To reap the career benefits of the same program without compromising on networking prospects in separate sectors, they kept one rule: never stay in the same group. 

They knew each other’s professional goals more than anyone else.

“It was great because we could connect each other with some people in my group network that might be interested to talk to Leandro, and vice-versa,” says Vitor.

On the emotional benefits, Leandro adds: “When I was doing my final project, even if Vitor wasn’t in the same group or even close to me, to know that he was in the room motivated me and gave me more confidence.”

Starting afresh without friends or family is romantic, but certainly challenging. Their advice for going through a program abroad without an external support system is to take care of your mental health and relationship.

Much like their separate networking strategy, their top tips for couples are to establish rules and manage expectations as business school can be difficult to navigate.   

“You have to challenge yourself to do the best you can and to make the best of this time. In the end, it was a really nice thing to do together,” says Leandro. 

Céline and Victor, Master in Management 2012, NEOMA Business School

45-minutes from the city of love, Céline and Victor met in the sports association at NEOMA Business School. Married since 2020, they are co-founders of the last minute activity booking platform Hati Hati. Victor works in the company full-time, and Céline works in marketing.

Driven by her ambitions to advance her marketing career, Céline did not cross paths with the commercially oriented Victor in class. The pair became a romantic couple a few years after business school, but the roots of their entrepreneurial journey can be traced back to the student sports association where they first met.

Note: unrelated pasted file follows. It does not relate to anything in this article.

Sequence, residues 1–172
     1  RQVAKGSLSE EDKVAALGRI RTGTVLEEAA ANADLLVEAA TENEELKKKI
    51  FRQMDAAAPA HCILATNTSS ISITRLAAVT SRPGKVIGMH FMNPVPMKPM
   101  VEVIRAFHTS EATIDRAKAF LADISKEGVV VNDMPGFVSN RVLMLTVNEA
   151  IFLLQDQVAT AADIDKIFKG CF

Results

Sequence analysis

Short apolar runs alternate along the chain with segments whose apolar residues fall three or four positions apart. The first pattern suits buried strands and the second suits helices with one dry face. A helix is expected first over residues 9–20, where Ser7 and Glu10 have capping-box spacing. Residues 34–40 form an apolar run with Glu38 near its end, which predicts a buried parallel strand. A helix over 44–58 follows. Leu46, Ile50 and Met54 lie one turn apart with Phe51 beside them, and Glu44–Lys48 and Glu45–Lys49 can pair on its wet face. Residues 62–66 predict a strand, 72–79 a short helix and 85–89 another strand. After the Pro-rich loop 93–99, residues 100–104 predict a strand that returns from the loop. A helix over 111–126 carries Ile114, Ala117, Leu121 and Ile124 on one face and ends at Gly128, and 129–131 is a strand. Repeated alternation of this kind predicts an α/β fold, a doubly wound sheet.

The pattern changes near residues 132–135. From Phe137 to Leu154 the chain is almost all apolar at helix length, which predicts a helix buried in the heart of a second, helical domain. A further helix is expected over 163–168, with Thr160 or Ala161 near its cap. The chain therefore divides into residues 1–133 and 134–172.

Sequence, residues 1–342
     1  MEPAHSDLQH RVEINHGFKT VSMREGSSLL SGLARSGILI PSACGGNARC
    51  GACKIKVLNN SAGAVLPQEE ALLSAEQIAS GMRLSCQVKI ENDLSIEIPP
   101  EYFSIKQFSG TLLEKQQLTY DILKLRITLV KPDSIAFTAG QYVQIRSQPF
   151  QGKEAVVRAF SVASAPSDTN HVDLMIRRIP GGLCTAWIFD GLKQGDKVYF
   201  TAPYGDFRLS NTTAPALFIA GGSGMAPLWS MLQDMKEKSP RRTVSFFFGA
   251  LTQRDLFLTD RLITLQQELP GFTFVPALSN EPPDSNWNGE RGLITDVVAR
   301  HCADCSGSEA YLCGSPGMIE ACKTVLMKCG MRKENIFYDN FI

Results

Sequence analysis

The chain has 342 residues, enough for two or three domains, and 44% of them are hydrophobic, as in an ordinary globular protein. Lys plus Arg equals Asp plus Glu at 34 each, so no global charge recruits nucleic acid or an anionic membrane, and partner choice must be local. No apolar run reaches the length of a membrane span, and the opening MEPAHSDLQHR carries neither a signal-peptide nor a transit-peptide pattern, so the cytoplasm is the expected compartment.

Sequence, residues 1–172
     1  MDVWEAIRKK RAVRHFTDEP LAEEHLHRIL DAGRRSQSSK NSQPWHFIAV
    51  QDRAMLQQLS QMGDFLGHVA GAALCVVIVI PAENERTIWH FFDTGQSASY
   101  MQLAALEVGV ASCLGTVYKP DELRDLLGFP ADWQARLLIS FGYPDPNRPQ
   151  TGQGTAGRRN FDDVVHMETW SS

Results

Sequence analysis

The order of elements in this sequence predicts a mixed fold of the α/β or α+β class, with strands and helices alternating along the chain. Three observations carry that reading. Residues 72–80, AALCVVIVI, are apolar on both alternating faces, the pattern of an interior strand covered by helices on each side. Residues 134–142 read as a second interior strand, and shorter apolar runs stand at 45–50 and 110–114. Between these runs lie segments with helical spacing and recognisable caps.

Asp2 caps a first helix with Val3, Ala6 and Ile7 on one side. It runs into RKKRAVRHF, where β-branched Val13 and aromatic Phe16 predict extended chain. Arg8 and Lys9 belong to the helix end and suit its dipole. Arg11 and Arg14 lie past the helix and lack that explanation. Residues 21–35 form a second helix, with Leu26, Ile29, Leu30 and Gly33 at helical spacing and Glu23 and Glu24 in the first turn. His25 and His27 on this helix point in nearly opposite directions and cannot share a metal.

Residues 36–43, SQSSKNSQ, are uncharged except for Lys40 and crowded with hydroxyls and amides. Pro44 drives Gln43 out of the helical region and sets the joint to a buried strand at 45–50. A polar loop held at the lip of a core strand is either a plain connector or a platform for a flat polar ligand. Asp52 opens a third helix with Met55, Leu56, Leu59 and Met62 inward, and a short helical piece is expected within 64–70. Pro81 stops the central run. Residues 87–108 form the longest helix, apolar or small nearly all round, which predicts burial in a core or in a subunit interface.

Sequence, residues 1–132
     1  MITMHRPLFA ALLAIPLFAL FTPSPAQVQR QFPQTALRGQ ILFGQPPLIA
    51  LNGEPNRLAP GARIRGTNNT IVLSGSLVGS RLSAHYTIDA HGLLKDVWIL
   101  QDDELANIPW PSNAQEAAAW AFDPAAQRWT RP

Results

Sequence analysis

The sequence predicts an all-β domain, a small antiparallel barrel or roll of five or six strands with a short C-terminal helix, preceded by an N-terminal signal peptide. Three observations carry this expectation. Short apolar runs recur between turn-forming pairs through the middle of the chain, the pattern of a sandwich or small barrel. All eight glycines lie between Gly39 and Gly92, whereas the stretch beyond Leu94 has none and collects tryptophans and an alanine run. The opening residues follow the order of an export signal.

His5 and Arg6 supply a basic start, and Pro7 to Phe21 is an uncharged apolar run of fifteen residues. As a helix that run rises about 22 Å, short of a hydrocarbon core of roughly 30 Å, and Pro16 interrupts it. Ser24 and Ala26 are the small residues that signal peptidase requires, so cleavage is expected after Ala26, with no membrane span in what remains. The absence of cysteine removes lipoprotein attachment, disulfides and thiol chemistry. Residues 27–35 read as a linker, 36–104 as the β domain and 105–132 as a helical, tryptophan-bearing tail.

On his time as president of the association, Victor says: “It’s a good way to discover how to manage projects, to respect all timings, to know all the strengths and weaknesses of the team. You have many responsibilities with a small team, so you have to find good ideas with small budgets.”

During their one-month stay in New Zealand some years later, the couple were inspired by a New Zealand-based app that allowed them to book activities. Back in Paris, they wanted to create a similar service for last minute activity booking. Bringing together their complementary expertise in marketing and commercial development, Céline and Victor created Hati Hati.

On becoming co-founders as a couple, Céline highlights the advantage of knowing each other’s strengths and weaknesses.

“It’s a real advantage, because you can move forward even faster than with other people,” she says.  

Victor advises couples looking to embark on a similar experience together—whether as co-founders or business students—that they must love spending time together.

“Just keep in mind that [a joint business] will change a lot of things in your life,” he adds.

It’s important to be realistic about the challenges, but a strong partnership makes the risk worth the reward.

“It’s a beautiful adventure. It’s not easy, but that’s life,” Céline concludes.